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'Middle child syndrome' isn't what you think — here's what it really means

You’ve probably heard the term ‘middle child syndrome’ before. In fact, you may even have been accused of having it. It’s the belief that children who are born with both older and younger siblings are resentful because they have been somewhat ignored in between the firstborn favourite and the baby. 

Despite its widespread popularity, many of these beliefs about middle children are not grounded in any real science. In fact, psychologists say many of the traits associated with the so-called “syndrome” are likely a result, not a cause, of these ideas. But researchers have found that some middle children do possess some similarities which they think may be a result of their birth order.

We spoke to Dr Catherine Salmon, a psychology professor at the University of Redlands in California and co-author of the book “The Secret Power of Middle Children,” to try and separate fact from fad. Salmon and her colleagues have spent the last two decades studying thousands of middle children. She spoke to Business Insider about what she found out.

First, says Salmon, middleborns tend to be less parent-oriented, but that doesn’t mean they don’t care about relationships.

In one 1998 study, Salmon and colleague professor Martin Daly studied over 400 undergraduate students and asked them questions about their family relationships. In one part of the research they were asked who in their family they would turn to for help — parents or siblings. While first and lastborns opted for mum or dad, middleborns generally chose their brothers or sisters.

It wasn’t that they felt disenfranchised from their family. Instead, middle children probably spent a little bit less time with their parents and as a reflection of that, felt a little less close to them.

Middle children were also more likely to view their friends as their main resources, more so than first and lastborns. Salmon said this does tend to mean that they have really good social skills as they value those relationships a lot, so they put a lot into them and are thus great friends to have.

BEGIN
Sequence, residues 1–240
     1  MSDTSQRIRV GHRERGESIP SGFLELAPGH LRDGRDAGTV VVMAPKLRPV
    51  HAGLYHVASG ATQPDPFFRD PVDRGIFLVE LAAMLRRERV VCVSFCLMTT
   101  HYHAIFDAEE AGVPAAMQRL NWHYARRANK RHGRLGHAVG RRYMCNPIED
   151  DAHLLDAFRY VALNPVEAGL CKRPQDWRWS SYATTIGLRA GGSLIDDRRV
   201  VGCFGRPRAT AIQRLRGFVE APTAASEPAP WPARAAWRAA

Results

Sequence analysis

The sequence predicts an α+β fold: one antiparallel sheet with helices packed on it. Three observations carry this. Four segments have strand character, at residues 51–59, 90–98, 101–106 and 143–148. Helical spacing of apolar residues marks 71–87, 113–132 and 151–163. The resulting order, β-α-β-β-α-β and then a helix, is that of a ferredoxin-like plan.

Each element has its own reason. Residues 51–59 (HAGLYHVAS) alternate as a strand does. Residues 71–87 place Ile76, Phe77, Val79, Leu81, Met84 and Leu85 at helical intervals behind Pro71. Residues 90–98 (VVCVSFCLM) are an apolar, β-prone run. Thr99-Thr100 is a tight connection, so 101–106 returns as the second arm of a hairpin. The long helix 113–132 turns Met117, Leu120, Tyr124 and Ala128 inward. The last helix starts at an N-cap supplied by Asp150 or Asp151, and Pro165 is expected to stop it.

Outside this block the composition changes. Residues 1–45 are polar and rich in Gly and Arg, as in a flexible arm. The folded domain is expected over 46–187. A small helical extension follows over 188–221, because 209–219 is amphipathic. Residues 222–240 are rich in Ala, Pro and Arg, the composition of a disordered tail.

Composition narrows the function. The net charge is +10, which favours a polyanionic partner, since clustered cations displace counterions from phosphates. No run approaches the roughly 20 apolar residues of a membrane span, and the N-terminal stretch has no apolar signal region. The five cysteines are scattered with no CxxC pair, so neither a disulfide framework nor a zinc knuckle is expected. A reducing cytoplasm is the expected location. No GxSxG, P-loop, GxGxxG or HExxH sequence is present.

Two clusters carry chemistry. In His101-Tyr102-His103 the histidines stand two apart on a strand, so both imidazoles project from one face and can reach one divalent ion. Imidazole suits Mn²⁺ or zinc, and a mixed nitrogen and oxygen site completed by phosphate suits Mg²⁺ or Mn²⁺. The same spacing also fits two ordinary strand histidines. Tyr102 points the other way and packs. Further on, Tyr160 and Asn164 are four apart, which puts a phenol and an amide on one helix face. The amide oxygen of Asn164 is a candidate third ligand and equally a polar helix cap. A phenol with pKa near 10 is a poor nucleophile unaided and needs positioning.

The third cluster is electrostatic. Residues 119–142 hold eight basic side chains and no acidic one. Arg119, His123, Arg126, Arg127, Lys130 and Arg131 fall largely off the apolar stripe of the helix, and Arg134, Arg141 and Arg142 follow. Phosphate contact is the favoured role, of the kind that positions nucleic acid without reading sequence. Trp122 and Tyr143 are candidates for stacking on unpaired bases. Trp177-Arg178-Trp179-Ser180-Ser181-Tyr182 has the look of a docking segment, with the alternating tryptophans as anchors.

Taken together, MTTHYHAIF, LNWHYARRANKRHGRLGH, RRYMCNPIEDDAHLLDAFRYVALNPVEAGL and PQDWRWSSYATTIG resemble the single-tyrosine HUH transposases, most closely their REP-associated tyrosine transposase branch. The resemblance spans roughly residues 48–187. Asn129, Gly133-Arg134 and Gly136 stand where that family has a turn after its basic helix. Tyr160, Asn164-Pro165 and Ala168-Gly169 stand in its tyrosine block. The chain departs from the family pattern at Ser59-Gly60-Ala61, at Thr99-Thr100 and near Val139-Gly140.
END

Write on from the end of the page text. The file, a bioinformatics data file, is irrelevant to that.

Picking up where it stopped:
According to one of Salmon’s studies, middleborns might also make great partners as they tend to get along with many different personality types. Salmond told us that middleborns are like ‘Type O blood,” in a way, because they go with everybody. When you get two lastborns or two firstborns together, there can often be conflict because of their similar personalities. Middles, however, are already great at negotiating and much more willing to go with the flow.

Middles also seem to be less likely to cheat on their partners, said Salmon. She said this is probably a reflection of how much they value their non-genetic relationships.

Middle children may be more susceptible to peer pressure, but they also tend to be more open-minded.

Salmon also said that her research suggests that middleborns are more susceptible to peer pressure than first or lastborns. For example, she said, middle children tend to show slightly higher rates of things like willingness to try different types of drugs. 

Research also suggests middles tend to be more open-minded and willing to try new things than their older or younger siblings. Salmon thinks this might be because middleborns are usually forced to be more independent, which gives them an opportunity to find their own path and could make them more likely to experiment.

In one study, for example, Salmon asked participants about their beliefs in things that, at the time, were considered controversial. Compared with older or younger children, middle children were more open to entertaining those kinds of ideas too. 

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